And while you're at it, abolish the tax credits available to property investors on their loans. As Jenny Ruth says in another forum: 'Some have suggested the government could go further and disallow mortgage interest costs to be tax-deductible. Not bloody likely. I'm betting the government won't touch this idea with a barge pole because that would destroy the economics of property investment and lead to investors fleeing for the exits. That certainly would lead to a sharp fall in house prices, not to mention disruption for tenants. Listen carefully to what both Ardern and Robertson say about house prices, though: they both say they want to see house price increases moderate. They never say they want house prices to fall. Obviously, homeowners vote.'

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As Jenny Ruth says in another forum: 'Some have suggested the government could go further and disallow mortgage interest costs to be tax-deductible. Not bloody likely. I'm betting the government won't touch this idea with a barge pole because that would destroy the economics of property investment and lead to investors fleeing for the exits. That certainly would lead to a sharp fall in house prices, not to mention disruption for tenants.

Which is why such a change would be phased in over a longer time period, perhaps 10 years. Problem with phase-ins like that is when the government changes, the new government is often likely to halt or reverse it, like National did when they froze kiwisaver employer contributions at 2% and repealed Labour's tax cuts that would have put the top threshold up to $80,000 and reduced its rate to 37% from 39%.

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It would also discourage build-to-rent projects.

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Inheritance tax?

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'Oh no I only made $67k out of capital gains this month rather than $100k, i'll never invest in housing again!' said no investor ever. It's a yield game as long as interest rates are suppressed. CGT will not solve housing, it'll only solve perceived fairness (and only for investors holding beyond the bright-line period of 5 years). Short of making it unattractive for investors (interest rate rises) or harder (crank the LVR, or remove the ability to leverage property to buy more property) the only way out of this hole is fixing supply.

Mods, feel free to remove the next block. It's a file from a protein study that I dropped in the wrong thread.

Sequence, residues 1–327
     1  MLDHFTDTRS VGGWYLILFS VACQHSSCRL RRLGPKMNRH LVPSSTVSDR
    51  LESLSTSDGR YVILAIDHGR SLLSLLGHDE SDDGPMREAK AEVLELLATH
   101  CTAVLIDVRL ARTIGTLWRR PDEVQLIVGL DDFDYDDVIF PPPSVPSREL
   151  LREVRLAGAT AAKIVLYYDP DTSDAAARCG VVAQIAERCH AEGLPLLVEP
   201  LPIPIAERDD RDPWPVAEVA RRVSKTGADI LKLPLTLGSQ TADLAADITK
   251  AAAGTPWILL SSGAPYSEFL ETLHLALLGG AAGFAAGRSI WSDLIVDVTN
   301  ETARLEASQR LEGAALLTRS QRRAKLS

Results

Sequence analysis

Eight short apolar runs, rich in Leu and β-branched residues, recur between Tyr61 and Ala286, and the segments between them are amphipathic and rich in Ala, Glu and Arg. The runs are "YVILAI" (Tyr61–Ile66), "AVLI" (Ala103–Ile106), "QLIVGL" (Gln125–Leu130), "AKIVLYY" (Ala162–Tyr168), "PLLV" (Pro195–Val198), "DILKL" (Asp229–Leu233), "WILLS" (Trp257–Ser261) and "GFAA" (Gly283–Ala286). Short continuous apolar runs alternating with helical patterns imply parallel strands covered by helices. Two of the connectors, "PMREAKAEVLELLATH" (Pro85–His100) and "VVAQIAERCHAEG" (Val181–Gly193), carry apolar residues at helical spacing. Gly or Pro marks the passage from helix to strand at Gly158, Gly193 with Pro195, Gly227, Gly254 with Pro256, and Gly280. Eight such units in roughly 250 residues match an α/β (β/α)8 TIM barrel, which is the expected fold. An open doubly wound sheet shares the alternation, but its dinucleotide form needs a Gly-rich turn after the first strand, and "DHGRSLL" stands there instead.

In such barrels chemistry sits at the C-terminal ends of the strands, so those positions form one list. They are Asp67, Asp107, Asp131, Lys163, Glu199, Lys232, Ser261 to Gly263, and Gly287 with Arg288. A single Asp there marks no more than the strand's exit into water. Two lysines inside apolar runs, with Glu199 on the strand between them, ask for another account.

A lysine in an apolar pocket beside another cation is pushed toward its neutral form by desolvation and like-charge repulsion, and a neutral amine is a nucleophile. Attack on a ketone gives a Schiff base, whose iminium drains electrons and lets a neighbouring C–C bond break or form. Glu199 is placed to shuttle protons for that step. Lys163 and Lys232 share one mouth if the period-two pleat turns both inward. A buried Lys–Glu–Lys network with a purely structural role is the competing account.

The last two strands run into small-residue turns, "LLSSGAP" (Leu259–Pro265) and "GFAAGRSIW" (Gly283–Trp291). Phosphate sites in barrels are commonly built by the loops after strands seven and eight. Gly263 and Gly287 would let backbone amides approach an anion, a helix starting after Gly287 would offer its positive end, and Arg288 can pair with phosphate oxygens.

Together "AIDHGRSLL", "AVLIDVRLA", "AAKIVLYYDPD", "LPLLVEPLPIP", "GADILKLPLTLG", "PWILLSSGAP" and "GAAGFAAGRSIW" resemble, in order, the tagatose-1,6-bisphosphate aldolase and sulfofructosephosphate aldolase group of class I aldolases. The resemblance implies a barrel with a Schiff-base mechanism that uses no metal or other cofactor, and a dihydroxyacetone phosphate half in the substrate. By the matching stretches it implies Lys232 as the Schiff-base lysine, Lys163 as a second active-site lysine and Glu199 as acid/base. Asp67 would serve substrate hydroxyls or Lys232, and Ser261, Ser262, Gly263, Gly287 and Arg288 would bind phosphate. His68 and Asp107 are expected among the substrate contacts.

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Fritz,

We have CGT-it's called the Brightline test and for a very long time, it has been possible for the Inland Revenue to tax individuals who are deemed to be trading in property for the purposes of capital gain. So, in theory, the government could argue that a fullblown CGT would not be a new tax, merely the extension of an wxisting one.
However, I am will to bet heavily that they will not do so.

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Although they already did extend the bright line test last term, extending again would appear to do something but more likely just delay existing investors from selling until the period had passed, with negative implications on buyers and availability.
Each action the Labour government take to try and control the market movement has unintended consequences.
The market is reacting to the incentives the government generate with their interference, but they seem incapable of understanding this.......

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Ridiculous. What are Kiwis supposed to do with their incomes if buying houses and selling them back to each other at ever increasing prices is no longer a viable option?

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There’s sheep world... they can absorb the NZ$1tn no longer going into property.

...and all that avo on toast...

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"The Government is expected to announce policy changes aimed at cooling demand by speculators within the next couple of weeks." Grant said that weeks ago, Jenee. Or at least he said, mid March. Prior to that he put it off "because Covid"
Did the dog eat his homework (again)?